Excerpt #7. An All-Inclusive Ministry to Men
|Written by Patrick Morley|
|Sunday, August 20 2006 19:00|
NOTE: In conjunction with the release of our new book about men’s discipleship ministry, No Man Left Behind, we are publishing 12 excerpts to give you a taste of the book. This one is from Chapter 7, “An All-Inclusive Ministry to Men.”
Every Man is Part of Your Men’s Ministry
Finally, an all-inclusive men’s ministry helps every man in the church feel like they are a part of something bigger than themselves. It allows men to be involved in your church wherever they feel God is calling them to participate.
If every man in the church is part of our men’s ministry, then we must come up with innovative and effective ways to communicate that message to, well, every man! (This is why the Resonance and External slogan concepts from Chapter 8 are so important.)
For instance, at Willow Creek Presbyterian Church in Winter Springs, Florida (where Brett attends), they call their men’s ministry Iron Men. To help every man feel a part of the men’s ministry, they always refer to the men of the church as Iron Men. There are no men at Willow Creek who aren’t Iron Men. If you go to church there – even for one week – you are an Iron Man. Almost every time there is an announcement to the men, whether it is in service or elsewhere, the statement is made, “Every man in our church is an Iron Man.” Sounds hokey? Perhaps, but when you look around the sanctuary, you’ll see the guys sit up a little straighter every time it is said.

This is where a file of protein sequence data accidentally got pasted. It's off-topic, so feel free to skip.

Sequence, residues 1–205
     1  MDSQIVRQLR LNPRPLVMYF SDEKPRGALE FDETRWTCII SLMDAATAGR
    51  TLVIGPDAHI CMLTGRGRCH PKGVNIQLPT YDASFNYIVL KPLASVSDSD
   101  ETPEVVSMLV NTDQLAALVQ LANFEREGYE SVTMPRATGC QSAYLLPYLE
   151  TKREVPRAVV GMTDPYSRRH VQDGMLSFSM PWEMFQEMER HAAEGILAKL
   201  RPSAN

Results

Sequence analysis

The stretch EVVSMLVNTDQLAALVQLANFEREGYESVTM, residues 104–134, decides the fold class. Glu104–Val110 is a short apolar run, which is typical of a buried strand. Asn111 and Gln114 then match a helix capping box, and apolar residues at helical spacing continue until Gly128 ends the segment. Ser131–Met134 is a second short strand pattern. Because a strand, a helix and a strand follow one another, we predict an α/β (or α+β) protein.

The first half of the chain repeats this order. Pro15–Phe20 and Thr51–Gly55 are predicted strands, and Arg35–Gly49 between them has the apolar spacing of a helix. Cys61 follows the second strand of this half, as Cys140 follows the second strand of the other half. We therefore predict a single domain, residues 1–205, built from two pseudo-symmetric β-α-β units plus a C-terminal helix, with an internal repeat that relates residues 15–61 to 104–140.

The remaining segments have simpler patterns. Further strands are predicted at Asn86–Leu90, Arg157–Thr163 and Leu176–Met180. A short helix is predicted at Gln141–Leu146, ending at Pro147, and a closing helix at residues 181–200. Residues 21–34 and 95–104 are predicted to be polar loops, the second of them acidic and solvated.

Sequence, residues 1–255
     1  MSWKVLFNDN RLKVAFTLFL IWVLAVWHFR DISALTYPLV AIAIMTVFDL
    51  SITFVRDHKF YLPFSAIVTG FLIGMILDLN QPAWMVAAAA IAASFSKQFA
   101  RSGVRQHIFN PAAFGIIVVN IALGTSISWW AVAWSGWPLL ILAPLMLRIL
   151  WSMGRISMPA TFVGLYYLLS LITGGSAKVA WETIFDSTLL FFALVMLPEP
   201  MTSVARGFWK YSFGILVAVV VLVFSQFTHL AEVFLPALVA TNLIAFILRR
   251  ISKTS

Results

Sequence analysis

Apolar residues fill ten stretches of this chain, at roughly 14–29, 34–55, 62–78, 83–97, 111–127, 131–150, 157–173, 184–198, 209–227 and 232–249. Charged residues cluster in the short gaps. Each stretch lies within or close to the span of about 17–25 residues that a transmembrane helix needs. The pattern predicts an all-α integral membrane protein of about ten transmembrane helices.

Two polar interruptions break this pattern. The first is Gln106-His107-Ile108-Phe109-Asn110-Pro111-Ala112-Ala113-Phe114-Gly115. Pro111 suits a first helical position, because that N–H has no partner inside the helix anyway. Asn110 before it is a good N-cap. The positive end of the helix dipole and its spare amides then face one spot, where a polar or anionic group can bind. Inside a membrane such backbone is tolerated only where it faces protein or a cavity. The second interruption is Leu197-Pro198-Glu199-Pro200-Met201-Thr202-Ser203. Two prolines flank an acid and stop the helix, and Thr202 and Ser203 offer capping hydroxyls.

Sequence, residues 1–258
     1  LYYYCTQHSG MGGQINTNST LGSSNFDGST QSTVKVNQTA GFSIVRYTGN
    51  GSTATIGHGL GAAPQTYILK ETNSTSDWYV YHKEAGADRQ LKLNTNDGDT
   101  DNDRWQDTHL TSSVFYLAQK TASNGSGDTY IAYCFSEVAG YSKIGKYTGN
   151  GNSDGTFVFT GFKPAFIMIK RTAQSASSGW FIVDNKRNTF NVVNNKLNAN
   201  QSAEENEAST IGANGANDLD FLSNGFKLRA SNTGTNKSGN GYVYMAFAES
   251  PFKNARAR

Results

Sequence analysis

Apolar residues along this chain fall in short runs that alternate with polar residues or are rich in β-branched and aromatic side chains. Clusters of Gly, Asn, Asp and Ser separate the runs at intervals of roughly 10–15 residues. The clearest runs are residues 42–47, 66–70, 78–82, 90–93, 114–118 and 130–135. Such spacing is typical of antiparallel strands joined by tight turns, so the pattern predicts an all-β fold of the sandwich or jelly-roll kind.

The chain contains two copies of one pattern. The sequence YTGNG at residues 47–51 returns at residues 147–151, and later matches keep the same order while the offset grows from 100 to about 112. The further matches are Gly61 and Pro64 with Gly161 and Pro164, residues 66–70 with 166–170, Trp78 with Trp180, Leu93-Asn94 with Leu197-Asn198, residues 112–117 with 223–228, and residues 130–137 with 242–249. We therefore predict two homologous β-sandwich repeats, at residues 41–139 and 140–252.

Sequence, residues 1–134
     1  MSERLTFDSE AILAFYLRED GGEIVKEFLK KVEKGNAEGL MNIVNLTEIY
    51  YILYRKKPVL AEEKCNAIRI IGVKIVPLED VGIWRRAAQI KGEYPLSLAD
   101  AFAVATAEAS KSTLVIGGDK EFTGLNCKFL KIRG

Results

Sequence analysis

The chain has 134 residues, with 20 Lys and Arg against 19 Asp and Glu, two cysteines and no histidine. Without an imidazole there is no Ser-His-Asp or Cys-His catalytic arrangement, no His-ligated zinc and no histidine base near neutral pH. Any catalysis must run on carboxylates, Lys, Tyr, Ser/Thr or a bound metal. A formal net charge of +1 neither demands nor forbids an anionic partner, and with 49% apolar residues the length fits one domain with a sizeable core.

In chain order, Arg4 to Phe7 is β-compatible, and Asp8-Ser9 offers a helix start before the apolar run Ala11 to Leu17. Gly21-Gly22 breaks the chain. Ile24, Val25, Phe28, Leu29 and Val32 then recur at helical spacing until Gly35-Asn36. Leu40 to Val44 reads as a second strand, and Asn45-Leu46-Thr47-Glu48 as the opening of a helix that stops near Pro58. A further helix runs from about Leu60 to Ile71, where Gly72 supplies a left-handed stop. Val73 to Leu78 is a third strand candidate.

Wherever men are involved, you need to “claim” them for your men’s ministry in a way that supports and honors the other ministries of the church. Help these committed men understand that coming to the annual men’s retreat or monthly men’s breakfast or weekly Bible Study is not a requirement to be part of the men’s ministry. The men working with children need to see themselves as a man in ministry. Provide apron/smocks in the infant classes with the logo of your men's ministry. This gives a dual benefit. First of all, the man looks down at that logo and says, “The men of this church consider me a part of the men’s ministry. They think what I am doing with kids is an important ministry. I’ve got the smock to prove it!” Second, the moms dropping off their children see the logo and say, “Wow, the men of this church are willing to do whatever it takes. They’ve even got guys working in the nursery!”
Help men who assist with parking see themselves as men in ministry. Give them prayer cards each Sunday with the men's ministry logo, a scripture verse, and a prayer request for the church. Ask them to use any down time to pray.
What other areas that men are already involved can you think of? How could you engage those men in discipleship and help them feel like they are part of the men’s ministry in your church? Think about men who serve or participate in:
There is no end to the creative and unique ways you can help men feel like they are a part of what God is doing through the men of your church. In the end, the message must communicate that it’s not about some program that you want men to join. Help men feel like your church values and desires that every man in the church would learn to experience God’s love and the brotherhood of the other men in the church.
For the glory of Christ and no other reason,
Pat Morley, Ph.D.